The (Local Enforcement) Board of Petitions is the government's manifest commitment towards improving the local enforcement system.
Undoubtedly, one of the things that irk John Citizen most is the undue hassle one has to go through in order to justify that a traffic contravention ticket issued is blatantly mistaken. This is often the reason why the local warden is not viewed as the guardian of law and order and an educator. This situation has given rise to the need of a remedy so that the honest citizen does not incur any additional expense or waste of time in order to contest a mistaken contravention.
After an experience of six years of the devolved function of local enforcement, an evaluation of the whole system is currently underway with a view to eliminate unnecessary cost, bureaucracies and flaws. An area that needed immediate attention was the creation of an additional tool that enables rectification of blatant mistakes (such as mistaken identities on contraventions, etc). The need was also more pressing given that such mistakes were not only causing undue hassles to the honest citizen but were also resulting in loss of credibility in the whole local enforcement system. The need to mete out justice and for justice to be seen to be done was, therefore, on the top of the agenda in the restructuring process.
From the very beginning, it was the government's intention to devolve to local councils the enforcement system of certain contraventions and this to ensure better traffic and environmental education, more discipline on the roads and more self-discipline. This devolved function was also a sign of the government's trust in the efficiency and effectiveness of local councils as part of the country's public administration. It is not surprising, therefore, that John Citizen rightly expected to be better educated and that the necessary safeguards be in place for the efficient and fair administration of justice.
There were two remedies available for a person to contest a contravention: contesting the decision before the Local Tribunal and lodging an appeal to the Court of Magistrates. In addition, the government saw fit to include a further remedy where there is a manifest mistake in the contravention.
The setting up of the Board of Petitions in January of this year (made possible through Legal Notice 414 of 2005) is an additional tool available to John Citizen who has been notified of a contravention that is manifestly erroneous, thus eliminating the need for the person to appear before the Local Tribunal.
Three petition boards were set up that are entrusted to evaluate petitions lodged by aggrieved persons. The petition has to include all the relevant references, such as contravention number, car registration number, the petitioner's identity card number, address and contact telephone number, as well as the reason for the request.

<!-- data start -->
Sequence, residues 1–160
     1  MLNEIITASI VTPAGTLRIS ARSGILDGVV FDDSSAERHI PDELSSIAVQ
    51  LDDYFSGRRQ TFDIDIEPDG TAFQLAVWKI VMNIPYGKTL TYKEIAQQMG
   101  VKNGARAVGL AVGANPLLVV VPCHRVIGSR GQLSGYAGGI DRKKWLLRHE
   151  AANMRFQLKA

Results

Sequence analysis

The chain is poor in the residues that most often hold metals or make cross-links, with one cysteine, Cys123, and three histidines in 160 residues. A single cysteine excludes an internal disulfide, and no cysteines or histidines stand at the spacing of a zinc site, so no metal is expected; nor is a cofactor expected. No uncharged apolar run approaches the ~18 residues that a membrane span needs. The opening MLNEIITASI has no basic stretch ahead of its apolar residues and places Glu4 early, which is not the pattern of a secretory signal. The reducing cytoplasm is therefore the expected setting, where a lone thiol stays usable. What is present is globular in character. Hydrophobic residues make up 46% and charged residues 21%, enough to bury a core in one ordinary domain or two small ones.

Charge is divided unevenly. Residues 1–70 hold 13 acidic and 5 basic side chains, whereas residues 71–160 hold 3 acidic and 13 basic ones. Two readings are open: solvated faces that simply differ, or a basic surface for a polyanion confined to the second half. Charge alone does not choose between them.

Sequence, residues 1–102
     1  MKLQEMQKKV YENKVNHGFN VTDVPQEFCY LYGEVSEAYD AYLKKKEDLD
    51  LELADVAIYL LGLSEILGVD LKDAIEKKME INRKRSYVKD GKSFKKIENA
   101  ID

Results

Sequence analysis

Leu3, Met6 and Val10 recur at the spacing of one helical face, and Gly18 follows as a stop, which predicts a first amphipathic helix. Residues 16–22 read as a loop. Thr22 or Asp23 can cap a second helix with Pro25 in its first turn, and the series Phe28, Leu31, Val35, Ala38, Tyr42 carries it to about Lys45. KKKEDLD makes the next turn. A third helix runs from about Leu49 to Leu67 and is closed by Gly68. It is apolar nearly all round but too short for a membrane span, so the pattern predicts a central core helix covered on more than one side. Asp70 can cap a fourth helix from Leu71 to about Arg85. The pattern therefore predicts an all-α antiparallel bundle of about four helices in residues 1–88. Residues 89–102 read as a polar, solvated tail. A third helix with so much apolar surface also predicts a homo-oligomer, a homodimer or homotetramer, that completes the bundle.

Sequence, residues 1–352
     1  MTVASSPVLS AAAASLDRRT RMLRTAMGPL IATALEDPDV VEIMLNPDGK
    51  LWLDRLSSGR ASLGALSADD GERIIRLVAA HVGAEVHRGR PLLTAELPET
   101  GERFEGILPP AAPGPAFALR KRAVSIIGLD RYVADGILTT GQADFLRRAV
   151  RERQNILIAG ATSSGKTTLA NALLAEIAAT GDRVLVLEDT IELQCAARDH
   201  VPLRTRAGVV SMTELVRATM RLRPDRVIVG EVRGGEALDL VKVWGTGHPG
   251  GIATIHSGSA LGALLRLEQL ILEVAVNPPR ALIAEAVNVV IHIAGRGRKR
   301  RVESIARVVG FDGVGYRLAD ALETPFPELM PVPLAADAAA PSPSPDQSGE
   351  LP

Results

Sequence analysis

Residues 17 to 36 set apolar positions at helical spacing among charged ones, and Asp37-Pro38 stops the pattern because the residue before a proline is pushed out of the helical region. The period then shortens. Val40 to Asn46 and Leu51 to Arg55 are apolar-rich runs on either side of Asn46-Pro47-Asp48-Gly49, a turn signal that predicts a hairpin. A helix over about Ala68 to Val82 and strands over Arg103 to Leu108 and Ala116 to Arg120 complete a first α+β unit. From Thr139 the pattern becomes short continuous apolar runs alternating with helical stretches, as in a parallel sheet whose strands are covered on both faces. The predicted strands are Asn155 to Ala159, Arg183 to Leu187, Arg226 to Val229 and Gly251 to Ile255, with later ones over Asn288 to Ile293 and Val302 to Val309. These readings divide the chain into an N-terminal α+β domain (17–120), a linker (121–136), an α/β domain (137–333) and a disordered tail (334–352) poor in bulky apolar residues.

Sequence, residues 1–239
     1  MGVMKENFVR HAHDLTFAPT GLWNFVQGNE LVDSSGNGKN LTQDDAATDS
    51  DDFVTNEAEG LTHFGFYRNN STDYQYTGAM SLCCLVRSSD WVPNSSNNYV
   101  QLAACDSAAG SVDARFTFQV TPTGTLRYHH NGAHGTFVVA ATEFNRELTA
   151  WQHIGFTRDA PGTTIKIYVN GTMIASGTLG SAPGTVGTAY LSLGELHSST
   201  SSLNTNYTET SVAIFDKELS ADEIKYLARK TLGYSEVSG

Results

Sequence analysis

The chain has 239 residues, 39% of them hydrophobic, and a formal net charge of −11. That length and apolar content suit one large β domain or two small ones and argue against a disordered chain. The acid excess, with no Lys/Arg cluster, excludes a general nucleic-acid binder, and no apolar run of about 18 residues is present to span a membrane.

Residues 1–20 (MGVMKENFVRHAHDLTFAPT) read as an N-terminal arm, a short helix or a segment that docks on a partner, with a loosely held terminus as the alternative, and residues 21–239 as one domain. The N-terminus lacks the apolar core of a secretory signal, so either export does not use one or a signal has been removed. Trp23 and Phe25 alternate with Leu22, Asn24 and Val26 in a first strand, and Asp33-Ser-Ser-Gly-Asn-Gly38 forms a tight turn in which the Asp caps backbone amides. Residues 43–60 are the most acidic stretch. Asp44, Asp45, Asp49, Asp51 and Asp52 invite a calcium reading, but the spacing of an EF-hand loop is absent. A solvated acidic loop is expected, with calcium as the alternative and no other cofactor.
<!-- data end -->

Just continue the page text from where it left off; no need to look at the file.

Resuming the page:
The Board of Petitions may: waive a contravention, order the discontinuance of any proceedings before a commissioner (Local Tribunal) or remit in whole or in part any financial penalty imposed by a commissioner following proceedings for an infringement relating to an offence heard by the Local Tribunal.
Once a petition is received, all proceedings are suspended. Thus, no payments should be effected by the person making the petition. If such payment is made, then this would prejudice the petitioner's case because the legal notice lays down that "no petition may be allowed once the financial penalty has been paid". Even if asked to pay the penalty in order to renew the driving licence, the petitioner should not do so and instead submit a copy of the acknowledgement issued by the registry of the Petitions Board.
By the first week last month (that is five months down the line), 1,448 petitions were received, of which 937 (65 per cent) have been decided. Of these, 490 (52.3 per cent) were accepted, 391 (41.7 per cent) were refused, 33 (3.5 per cent) were partially accepted, and 23 (2.5 per cent) were not taken into consideration as they did not fulfil the statutory requirements.
For the benefit of the citizens, it should be clarified that the petitions, in the form of a letter, should be addressed to The Registry, Board of Petitions, c/o 26 Archbishop Street, Valletta CMR 02. In case of difficulties one can phone on 2122 6534-6 and ask for the customer care section.
Mr Attard is director, Local Government Department. [email protected]